Simon broadcast the simul on his Twitch channel – you can re-watch here (starts at 7 minutes in):



The Lubeck Weekend

“We’re all going on a… Summer Chess Weekend, no more work just chess and beer for a day or two…..”
The Lubeck Heist Awaits: 5-7th June 2020

Yes, in times like now, these comforting, plagiarized lyrics, from the great Sir Cliff, provide some relief to the daily flood of bad news. In my mind – what is left of it – the universal panacea qualities of chess, beer and potential new friendships are the perfect antidote to all ills and act as a gateway to a glorious Summer.

Lord Clueless, playing fast with copyright and outrageous use of hyperbole, urges all true Hammerites to read on and take part in our own “Glastonbury of Chess”.

Please refer to the previous article on our friends from Lubeck: http://hammerchess.co.uk/2019/11/

This is a unique opportunity for both Hammer Seniors and Juniors to enjoy an amazing chess challenge against a more-than-worthy opponent – enjoy a historic city and the chance to sample some amazing beer.

The Lubeck club has an excellent Junior section, so we would love to take a Junior Team for the trip.

What true, red-blooded Hammer could resist?

If you want to take part, now is the time for action – the closing date is 31st March 2020!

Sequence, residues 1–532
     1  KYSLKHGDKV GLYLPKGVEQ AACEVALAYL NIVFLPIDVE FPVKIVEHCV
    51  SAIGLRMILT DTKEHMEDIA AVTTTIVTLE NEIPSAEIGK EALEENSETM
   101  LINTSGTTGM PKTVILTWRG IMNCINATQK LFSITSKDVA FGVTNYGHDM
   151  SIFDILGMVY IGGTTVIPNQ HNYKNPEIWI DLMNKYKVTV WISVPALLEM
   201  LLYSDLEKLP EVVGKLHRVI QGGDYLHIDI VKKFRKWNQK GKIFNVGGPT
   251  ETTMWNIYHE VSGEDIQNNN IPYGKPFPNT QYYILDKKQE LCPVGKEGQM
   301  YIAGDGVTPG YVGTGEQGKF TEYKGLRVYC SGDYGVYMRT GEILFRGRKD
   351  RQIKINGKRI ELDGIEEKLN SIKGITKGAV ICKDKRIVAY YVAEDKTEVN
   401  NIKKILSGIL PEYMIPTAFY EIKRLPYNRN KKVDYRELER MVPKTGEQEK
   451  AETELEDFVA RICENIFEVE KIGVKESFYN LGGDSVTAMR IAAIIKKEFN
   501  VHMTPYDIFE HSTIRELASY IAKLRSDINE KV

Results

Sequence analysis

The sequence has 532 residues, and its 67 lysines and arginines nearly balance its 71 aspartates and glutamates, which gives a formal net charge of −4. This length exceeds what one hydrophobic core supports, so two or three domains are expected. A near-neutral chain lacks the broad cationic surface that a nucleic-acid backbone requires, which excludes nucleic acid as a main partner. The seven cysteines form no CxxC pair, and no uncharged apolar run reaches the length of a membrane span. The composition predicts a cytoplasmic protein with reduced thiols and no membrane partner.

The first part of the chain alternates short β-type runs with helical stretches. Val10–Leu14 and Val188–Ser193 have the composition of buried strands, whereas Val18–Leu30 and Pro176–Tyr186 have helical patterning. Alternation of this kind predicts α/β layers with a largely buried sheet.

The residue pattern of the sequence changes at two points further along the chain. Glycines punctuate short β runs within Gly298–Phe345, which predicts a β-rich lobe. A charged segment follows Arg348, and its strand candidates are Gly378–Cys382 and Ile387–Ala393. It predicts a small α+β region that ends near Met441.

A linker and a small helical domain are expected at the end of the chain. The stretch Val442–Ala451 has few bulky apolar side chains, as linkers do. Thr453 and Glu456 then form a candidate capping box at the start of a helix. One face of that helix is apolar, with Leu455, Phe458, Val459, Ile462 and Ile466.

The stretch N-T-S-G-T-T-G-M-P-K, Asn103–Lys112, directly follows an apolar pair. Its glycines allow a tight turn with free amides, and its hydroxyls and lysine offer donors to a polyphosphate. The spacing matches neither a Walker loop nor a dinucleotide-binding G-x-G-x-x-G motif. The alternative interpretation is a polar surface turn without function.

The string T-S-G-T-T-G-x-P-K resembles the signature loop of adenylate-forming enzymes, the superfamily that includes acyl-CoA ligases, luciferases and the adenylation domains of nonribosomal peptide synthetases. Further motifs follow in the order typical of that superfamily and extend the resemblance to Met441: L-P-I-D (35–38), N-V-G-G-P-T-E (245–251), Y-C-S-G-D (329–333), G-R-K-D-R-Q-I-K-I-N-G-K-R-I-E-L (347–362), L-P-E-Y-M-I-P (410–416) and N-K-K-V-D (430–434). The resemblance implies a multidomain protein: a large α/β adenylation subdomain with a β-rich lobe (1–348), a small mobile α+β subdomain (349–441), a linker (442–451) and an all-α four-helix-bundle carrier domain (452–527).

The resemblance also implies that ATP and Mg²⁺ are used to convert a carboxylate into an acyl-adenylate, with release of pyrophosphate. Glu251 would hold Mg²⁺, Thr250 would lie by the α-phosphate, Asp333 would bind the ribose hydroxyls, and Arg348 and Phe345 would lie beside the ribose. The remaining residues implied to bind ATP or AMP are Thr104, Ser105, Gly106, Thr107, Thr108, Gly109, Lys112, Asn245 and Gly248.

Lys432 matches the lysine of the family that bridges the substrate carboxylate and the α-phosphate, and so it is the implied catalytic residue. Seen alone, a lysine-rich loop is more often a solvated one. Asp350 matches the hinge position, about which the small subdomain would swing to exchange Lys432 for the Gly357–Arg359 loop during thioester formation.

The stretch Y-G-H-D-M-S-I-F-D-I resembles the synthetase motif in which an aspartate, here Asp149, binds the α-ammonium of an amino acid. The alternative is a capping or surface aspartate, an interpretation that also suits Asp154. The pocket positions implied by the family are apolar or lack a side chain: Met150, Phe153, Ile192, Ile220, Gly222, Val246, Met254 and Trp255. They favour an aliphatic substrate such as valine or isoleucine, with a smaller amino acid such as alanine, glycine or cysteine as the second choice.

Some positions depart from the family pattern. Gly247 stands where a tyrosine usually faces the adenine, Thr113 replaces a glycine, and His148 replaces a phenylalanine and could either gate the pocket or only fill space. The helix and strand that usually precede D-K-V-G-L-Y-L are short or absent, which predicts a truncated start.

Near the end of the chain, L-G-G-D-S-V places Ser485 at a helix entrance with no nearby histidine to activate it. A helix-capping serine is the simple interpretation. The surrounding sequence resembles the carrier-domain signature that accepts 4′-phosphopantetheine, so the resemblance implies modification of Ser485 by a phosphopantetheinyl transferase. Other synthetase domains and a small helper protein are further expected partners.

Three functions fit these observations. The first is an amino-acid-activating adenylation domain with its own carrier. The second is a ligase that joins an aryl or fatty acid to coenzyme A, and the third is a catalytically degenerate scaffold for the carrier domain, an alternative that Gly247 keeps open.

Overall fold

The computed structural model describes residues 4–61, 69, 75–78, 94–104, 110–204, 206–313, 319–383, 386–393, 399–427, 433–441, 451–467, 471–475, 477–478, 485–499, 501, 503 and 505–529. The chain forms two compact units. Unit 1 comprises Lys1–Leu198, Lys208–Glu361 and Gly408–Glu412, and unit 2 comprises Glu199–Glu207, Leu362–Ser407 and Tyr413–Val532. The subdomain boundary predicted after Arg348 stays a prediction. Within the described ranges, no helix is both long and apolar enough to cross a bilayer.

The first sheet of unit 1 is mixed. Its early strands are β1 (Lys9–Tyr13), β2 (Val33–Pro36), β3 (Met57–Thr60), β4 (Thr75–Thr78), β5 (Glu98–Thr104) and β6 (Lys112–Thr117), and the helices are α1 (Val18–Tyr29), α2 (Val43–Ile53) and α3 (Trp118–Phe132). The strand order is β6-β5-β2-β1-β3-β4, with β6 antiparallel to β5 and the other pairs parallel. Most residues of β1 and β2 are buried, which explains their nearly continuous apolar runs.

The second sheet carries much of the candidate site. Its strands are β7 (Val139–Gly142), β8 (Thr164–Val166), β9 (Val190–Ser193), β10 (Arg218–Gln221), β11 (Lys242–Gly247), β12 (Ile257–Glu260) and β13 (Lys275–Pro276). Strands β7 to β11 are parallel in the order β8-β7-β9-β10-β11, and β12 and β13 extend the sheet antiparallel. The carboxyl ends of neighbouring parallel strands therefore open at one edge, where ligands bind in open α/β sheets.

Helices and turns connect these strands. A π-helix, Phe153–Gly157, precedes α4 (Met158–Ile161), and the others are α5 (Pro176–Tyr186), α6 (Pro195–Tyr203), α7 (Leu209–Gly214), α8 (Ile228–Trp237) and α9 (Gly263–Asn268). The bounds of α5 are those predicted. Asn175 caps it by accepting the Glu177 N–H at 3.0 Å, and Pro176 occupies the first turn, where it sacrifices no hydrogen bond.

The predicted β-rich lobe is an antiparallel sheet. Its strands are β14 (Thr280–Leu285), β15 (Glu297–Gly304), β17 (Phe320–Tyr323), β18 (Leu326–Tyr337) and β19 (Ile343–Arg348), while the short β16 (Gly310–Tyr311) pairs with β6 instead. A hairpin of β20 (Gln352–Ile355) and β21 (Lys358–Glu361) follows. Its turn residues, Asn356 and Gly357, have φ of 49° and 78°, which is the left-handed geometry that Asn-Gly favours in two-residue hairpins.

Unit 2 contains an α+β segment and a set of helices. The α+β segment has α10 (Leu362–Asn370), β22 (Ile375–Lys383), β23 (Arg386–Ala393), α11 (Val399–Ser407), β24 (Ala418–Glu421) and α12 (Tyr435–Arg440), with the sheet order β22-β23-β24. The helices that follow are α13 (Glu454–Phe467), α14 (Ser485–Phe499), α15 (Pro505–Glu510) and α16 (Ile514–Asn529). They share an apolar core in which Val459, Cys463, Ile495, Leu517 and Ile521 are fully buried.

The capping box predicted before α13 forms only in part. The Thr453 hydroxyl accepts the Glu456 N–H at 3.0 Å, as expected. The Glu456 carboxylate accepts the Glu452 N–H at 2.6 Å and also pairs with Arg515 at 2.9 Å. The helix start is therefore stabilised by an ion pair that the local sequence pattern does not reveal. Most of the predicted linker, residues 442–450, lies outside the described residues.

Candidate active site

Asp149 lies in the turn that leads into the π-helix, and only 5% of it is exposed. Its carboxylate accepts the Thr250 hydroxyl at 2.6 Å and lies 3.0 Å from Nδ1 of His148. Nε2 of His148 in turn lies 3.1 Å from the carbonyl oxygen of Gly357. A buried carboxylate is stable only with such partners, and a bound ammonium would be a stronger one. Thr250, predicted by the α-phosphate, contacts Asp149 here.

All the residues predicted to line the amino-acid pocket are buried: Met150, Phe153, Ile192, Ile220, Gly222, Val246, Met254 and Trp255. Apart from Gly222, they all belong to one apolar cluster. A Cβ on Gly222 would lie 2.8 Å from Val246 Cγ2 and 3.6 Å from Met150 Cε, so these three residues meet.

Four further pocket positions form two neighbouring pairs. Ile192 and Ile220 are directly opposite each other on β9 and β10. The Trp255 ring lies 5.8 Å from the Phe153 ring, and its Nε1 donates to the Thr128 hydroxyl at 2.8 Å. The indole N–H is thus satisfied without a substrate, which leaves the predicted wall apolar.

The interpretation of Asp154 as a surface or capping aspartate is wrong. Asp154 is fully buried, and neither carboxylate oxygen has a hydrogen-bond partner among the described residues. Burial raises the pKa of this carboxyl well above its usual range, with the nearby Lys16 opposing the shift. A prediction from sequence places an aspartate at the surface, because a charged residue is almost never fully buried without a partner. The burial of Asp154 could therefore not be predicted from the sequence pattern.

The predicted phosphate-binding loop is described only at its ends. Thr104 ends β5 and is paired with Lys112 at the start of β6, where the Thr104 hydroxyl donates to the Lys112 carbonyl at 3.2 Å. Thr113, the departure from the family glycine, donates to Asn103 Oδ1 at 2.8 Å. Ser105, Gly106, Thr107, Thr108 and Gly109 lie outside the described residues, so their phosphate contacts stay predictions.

The itinerary is yet to be finalized, but it’s likely the main chess activity will take part on the Saturday and Sunday mornings, so you can arrive Friday or early Saturday. The Saturday will definitely consist of at least one or two long-play games.

So, what do you need to do if you want to take part?

  • First of all, email Lord Clueless to say Count Me In! john.white49@ntlworld.com
  • Secondly, book your passage. Adam and I have already booked flights to Hamburg, and a train to Lubeck on the Friday (Check out Easyjet!)
  • Thirdly, confirm to Lord Clueless when your flight is booked, and what your accommodation requirements are – number of nights needed.
  • Finally, turn up and play for the glory of Hammer on the weekend of 5-7th June


Time is short, as the many Hammers who have enjoyed the delights of Amsterdam, Cork and Wroclaw over the past three years – these weekends are just superb.

Lord Clueless expects every Hammer to do their duty!

Cyclonic Win for Hammersmith Hedger

Our Hedger team visited Greater London Chess Club at their home in Little Russel Street near Holborn earlier this month, for our second game in 2020.

As usual our friends at GLCC welcomed us very warmly and made us feel at home, maybe too much!

It all started on board 2, where Nick Rutherford (aka Triple X) did a very quick job. All I was able to see was Mr.X updating the match sheet with a nice “1” for Hammer. Like usual, when Triple X does not make any big mistakes, all remained very quiet and calm until you hear a big SIGH of relief indicating a victory!